This 500-year old map that depicts the destruction of the Temple as witnessed by Christians is a rare find.
In commemoration of the Ninth of Av, the day of mourning and fasting marking the destruction of Temple, the National Library of Israel presents this ancient map printed in Hartmann Schedel’s large world chronical. The chronical, an early modern book, published in 1493 in the German city of Nuremberg was an ambitious undertaking. It contained an overview of world history from the creation of the world until that time. The book boasts a mass of illustrations drawn by the leading artists of the time and was only made possible due to the invention of the printing press.
The map illustrated the destruction of Jerusalem and depicts the Temple going up in flames. However, this is not an illustration of Jerusalem during the Second Temple period and a description of the Jews who lived there. It is rather the printing of an engraving depicting Jerusalem’s Christian sites alongside the Temple, typical to the 14th-15th centuries.
It is fascinating though, that the text accompanying the map describes the history of the destructions of Jerusalem – first, the destruction of the First Temple by Nebuchadnezzar, the destruction of the Second Temple by Titus, the Temple vessels being looted, the execution of Shimon bar Giora in Rome, and finally, Jerusalem being turned into Aelia Capitolina, the Roman colony built upon the ruins of the holy city. The author of the text relates that the city was later held for short periods of time by other Western and Crusader kings (Charlemagne of France, Conrad III of Germany and Louis XI, also of France) – but they did not manage to hold it for long against armies of Islam. According to the author, in 1943 the city was under the control of Mohammed’s battalions, which Schedel refers to as “a nation of sin.”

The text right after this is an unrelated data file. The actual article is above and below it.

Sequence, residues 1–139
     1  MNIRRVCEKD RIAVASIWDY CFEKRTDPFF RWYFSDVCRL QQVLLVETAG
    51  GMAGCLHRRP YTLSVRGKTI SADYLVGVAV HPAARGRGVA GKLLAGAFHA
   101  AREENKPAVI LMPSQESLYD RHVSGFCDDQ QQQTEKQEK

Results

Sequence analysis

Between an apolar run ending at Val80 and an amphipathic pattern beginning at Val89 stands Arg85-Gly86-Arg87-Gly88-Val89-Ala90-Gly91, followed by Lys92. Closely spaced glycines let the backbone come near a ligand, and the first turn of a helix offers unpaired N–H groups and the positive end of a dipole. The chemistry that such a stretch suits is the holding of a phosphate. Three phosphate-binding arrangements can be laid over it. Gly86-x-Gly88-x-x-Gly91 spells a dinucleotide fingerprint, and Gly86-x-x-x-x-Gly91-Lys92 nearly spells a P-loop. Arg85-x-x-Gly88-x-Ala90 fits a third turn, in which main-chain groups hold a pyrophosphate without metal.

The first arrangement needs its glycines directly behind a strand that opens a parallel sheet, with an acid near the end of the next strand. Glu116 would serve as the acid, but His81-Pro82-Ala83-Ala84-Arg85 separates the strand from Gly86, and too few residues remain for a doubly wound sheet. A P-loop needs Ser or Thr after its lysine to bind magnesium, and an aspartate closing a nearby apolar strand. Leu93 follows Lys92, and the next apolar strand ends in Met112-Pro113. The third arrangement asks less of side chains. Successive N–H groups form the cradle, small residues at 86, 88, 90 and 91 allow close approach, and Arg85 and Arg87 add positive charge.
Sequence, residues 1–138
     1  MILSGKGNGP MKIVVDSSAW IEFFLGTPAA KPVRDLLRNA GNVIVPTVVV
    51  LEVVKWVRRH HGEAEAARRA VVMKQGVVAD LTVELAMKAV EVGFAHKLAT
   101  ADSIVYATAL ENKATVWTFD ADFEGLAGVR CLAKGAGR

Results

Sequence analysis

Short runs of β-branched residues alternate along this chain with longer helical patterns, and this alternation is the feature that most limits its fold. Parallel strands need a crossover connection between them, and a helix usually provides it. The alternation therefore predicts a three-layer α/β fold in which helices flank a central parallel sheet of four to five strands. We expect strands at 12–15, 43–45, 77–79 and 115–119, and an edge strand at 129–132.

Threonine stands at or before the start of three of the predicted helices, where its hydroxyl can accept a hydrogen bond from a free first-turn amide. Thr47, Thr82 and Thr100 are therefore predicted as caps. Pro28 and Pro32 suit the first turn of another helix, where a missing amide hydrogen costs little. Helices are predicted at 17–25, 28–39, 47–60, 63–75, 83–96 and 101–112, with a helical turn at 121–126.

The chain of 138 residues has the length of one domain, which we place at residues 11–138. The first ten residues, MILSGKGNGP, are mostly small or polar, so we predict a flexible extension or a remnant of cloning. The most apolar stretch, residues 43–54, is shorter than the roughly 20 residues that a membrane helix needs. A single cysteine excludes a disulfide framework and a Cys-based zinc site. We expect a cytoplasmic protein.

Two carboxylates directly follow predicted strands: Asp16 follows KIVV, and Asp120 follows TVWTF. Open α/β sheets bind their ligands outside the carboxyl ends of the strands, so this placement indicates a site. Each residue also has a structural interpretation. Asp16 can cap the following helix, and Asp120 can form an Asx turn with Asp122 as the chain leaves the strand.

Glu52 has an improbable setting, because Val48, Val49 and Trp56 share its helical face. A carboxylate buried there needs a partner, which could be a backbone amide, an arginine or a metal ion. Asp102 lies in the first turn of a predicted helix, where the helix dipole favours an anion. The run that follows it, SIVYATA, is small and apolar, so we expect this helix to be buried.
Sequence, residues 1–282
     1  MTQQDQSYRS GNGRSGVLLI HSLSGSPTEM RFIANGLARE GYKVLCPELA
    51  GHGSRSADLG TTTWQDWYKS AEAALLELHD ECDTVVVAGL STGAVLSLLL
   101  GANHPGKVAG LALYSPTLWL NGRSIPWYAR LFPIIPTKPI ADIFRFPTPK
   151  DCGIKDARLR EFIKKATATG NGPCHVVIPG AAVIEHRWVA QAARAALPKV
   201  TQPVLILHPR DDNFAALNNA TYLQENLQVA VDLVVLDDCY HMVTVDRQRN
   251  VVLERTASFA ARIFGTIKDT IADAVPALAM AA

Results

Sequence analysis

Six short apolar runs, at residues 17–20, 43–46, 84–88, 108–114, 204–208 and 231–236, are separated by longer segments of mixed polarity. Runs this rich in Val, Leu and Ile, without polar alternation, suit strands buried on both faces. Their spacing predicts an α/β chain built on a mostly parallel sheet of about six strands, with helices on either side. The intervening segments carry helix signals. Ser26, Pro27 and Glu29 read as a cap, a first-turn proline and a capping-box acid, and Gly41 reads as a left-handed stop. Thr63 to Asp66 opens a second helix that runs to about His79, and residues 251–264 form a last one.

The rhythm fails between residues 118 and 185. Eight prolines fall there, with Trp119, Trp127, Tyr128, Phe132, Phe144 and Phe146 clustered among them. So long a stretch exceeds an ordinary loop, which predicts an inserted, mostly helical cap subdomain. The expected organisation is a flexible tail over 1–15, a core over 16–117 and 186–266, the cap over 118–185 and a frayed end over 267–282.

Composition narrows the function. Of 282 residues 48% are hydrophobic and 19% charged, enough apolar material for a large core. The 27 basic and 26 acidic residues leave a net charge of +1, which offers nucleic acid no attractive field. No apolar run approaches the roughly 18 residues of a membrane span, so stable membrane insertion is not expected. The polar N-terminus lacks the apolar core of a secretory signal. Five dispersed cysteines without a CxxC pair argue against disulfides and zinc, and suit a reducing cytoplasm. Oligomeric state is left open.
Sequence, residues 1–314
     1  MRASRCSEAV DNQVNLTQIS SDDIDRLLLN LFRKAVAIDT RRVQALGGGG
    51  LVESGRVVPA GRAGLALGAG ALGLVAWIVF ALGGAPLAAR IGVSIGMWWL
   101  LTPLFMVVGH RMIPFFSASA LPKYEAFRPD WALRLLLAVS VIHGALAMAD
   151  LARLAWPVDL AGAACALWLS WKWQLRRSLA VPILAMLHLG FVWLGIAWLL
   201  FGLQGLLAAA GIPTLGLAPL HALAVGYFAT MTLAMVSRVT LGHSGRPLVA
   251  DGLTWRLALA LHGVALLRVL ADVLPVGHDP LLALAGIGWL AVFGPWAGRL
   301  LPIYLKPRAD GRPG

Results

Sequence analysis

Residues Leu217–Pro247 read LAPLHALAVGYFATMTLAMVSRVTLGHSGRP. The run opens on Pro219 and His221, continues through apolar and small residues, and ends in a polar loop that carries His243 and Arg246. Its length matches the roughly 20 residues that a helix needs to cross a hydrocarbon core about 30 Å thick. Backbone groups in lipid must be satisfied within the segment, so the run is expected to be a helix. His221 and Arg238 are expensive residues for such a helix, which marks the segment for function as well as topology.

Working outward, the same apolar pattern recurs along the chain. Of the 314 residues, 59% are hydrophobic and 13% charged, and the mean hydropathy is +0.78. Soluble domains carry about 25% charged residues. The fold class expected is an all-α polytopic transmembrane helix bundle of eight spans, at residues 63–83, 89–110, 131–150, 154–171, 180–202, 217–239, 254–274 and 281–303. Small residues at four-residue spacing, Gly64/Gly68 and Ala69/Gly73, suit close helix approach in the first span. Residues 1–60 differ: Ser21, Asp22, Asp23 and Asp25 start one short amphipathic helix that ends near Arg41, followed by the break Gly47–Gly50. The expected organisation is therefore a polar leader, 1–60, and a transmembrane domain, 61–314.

The former curator of the Humanities Collection at the National Library, Dr. Milka Levy-Rubin explained that despite Christianity seeing the destruction of the Temple as conclusive proof of Christianity’s victory over Judaism, not only is the text void of any gloating about the destruction of the Temple but on the contrary. “It appears that the destruction of the Temple – which is referred to in the illustration as “Solomon’s Temple” and the destruction of the City of David is the reason for the writer’s sorrow. This is testimony to the fact that the day of the Ninth of Av is also seen by Christians as a day of mourning and sorrow for the destruction of the holy city,” Dr. Levy-Rubin explains.